BṚT’2* - Link 1, powers of 2 that sum to N: integer, N    e.g. 105
B      - binary                                                [1,1,0,1,0,0,1]
 Ṛ     - reverse                                               [1,0,0,1,0,1,1]
  T    - truthy indices                                        [1,4,6,7]
   ’   - decrement                                             [0,3,5,6]
    2  - literal two                                           2
     * - exponentiate                                          [1,8,32,64]

Ç€×þ/FṢŒṖ§⁼Ç}ɗƇPḢ - Main Link: list of two integers, [P,Q]
Ç€                - call last Link (1) as a monad for €ach
    /             - reduce with:
   þ              -   table with:
  ×               -     multiplication
     F            - flatten
      Ṣ           - sort
       ŒṖ         - all partitions
              Ƈ   - filter keep if:
             ɗ    -   last three links as a dyad:
         §        -     sum each
            }     -     use right...
               P  -       ...value: product (i.e. P×Q)
           Ç      -       ...do: call last Link (1) as a monad
          ⁼       -     equal? (non-vectorising so "all equal?")
                Ḣ - head
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3
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Python 2, 261 233 232 231 bytes

g=lambda n,r=[],i=1:n and g(n/2,[i]*(n&1)+r,i*2)or r
def f(p,q):
 V=[[v]for v in g(p*q)];i=j=0
 for m in sorted(-a*b for a in g(p)for b in g(q)):
	v=V[i]
	while-m<v[j]:v[j:j+1]=[v[j]/2]*2
	i,j=[i+1,i,0,j+1][j+1<len(v)::2]
 return V

Try it online!

1 byte from Jo King; and another 1 byte due to Kevin Cruijssen.

Takes as input p,q. Pursues the greedy algorithm.

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  • \$\begingroup\$ -k-1 can be ~k. \$\endgroup\$ – Jonathan Frech Aug 7 '18 at 14:33
  • \$\begingroup\$ The i,j assignment can be i,j=[i+1,i,0,j+1][j+1<len(v)::2] for -1 byte \$\endgroup\$ – Jo King Aug 8 '18 at 7:20
  • \$\begingroup\$ @Jo King: Hahaha! That is twisted! \$\endgroup\$ – Chas Brown Aug 8 '18 at 7:24
  • \$\begingroup\$ while v[j]>-m can be while-m<v[j] \$\endgroup\$ – Kevin Cruijssen Aug 8 '18 at 7:29
  • \$\begingroup\$ @Kevin Cruijssen: Yes, indeed. Thx! \$\endgroup\$ – Chas Brown Aug 8 '18 at 7:32
2
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Jelly, 41 bytes

Œṗl2ĊƑ$Ƈ
PÇIP$ƇṪÇ€Œpµ³ÇIP$ƇṪƊ€ŒpZPṢ⁼FṢ$µƇ

Try it online!

Should probably be much shorter (some parts feel very repetitive; especially ÇIP$Ƈ, but I don't know how to golf it). Explanation to come after further golfing. Returns all possible solutions in case multiple exist and takes input as \$[P, Q]\$.

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  • \$\begingroup\$ Not that it is a problem, but it's not exactly fast, is it? :) \$\endgroup\$ – Arnauld Aug 6 '18 at 18:59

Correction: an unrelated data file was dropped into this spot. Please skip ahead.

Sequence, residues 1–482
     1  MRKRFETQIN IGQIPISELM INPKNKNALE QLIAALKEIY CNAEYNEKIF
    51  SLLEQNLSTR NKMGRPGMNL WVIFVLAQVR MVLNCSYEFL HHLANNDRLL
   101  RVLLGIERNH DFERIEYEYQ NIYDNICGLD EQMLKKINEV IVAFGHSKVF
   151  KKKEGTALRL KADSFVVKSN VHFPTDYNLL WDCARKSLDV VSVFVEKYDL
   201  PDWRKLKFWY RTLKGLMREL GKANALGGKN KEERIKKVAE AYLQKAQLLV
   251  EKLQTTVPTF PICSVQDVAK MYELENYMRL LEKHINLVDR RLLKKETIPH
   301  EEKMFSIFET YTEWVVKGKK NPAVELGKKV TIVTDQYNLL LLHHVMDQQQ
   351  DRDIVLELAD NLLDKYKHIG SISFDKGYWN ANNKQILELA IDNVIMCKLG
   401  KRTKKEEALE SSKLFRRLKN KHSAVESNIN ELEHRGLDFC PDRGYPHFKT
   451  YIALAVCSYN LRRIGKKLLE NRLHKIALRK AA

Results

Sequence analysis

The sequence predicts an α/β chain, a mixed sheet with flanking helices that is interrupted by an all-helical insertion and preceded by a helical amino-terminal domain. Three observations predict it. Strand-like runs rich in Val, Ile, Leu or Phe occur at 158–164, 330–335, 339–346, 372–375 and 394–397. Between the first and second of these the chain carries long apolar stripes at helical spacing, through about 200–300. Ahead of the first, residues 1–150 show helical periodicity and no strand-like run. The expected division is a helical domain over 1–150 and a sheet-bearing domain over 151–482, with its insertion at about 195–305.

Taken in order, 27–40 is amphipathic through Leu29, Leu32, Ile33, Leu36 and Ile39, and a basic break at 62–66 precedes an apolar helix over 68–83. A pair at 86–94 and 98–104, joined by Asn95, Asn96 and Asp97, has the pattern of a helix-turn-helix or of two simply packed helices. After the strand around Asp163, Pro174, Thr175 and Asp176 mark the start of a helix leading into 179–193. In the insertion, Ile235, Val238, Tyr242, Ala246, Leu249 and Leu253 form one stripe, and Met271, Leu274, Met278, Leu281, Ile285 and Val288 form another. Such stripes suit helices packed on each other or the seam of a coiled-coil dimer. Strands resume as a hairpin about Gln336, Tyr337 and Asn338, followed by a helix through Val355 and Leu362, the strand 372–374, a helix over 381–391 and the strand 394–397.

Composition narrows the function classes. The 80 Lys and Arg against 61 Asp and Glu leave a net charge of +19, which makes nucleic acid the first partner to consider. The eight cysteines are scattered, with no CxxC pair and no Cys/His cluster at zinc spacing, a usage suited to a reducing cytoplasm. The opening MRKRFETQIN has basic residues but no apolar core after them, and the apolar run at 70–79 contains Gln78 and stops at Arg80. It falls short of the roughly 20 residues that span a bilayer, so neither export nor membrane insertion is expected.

• \$\begingroup\$ @Arnauld It uses roughly 3 integer partition functions in a single run :) Of course it is not too fast \$\endgroup\$ – Mr. Xcoder Aug 6 '18 at 19:04
  • \$\begingroup\$ Now waiting to be outgolfed. I think it's possible in sub-35/30, but I don't think I'll be able to do anything much shorter \$\endgroup\$ – Mr. Xcoder Aug 6 '18 at 19:15
2
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Jelly, 34 bytes

BṚT’2*
PÇŒṗæḟ2⁼ƊƇ€ŒpẎṢ⁼Ṣ}ʋƇÇ€×þ/ẎƊ

Try it online!

Input format: [P, Q] (the TIO link above doesn't accept this, but a single number instead, to aid with the test cases).

Output format: List of all solutions (shown as grid representation of 3D list over TIO).

Speed: Turtle.

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1
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Pyth, 27 bytes

Inspired by Jonathan Allan's crushing of my Jelly solution. Takes \$N\$ as input.

L^2x1jb2;hfqyQsMT./S*M*FyMP

Try it here!

\$\endgroup\$
1
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Haskell, 281 195 bytes

import Data.List
r=reverse.sort
n#0=[]
n#x=[id,(n:)]!!mod x 2$(n*2)#div x 2
m!0=[]
m!x=m!!0:tail m!(x-m!!0)
m%[]=[]
m%n=m!head n:drop(length$m!head n)m%tail n
p&q=r[x*y|x<-1#p,y<-1#q]%r(1#(p*q))
\$\endgroup\$
  • 1
    \$\begingroup\$ Here are some tips: Defining operators instead of binary functions is cheaper, rearranging guards and pattern-matching can save you (==), use 1>0 instead of True and don't use where. Also n' can be shortened.. With this you can save 72 bytes: Try it online! \$\endgroup\$ – ბიმო Aug 7 '18 at 21:21
  • \$\begingroup\$ Btw. you should check out the Haskell tips section if you havent. \$\endgroup\$ – ბიმო Aug 7 '18 at 21:22
  • \$\begingroup\$ I had a look at the guard situation again, another 13 bytes off: Try it online! \$\endgroup\$ – ბიმო Aug 7 '18 at 23:15
  • \$\begingroup\$ @OMᗺ, thank you. I'm new to haskell, so this looks for me as magic tricks \$\endgroup\$ – Евгений Новиков Aug 8 '18 at 7:01
  • \$\begingroup\$ No worries :) In case you have questions, feel free to ask in Of Monads and Men. \$\endgroup\$ – ბიმო Aug 8 '18 at 12:15